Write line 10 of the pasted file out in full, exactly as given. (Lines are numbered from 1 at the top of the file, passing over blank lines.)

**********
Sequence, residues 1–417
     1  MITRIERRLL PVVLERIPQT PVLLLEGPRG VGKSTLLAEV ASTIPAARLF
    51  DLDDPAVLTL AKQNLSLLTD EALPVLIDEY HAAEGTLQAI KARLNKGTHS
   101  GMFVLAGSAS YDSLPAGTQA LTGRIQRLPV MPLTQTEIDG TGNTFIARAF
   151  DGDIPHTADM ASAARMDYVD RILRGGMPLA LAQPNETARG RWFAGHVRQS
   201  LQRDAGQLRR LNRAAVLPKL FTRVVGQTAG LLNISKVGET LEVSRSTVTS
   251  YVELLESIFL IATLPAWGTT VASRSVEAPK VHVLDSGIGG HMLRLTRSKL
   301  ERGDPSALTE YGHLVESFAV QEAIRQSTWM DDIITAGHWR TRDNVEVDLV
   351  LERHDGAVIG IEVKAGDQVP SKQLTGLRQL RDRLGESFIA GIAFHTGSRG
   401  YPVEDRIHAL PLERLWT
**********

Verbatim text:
   401  YPVEDRIHAL PLERLWT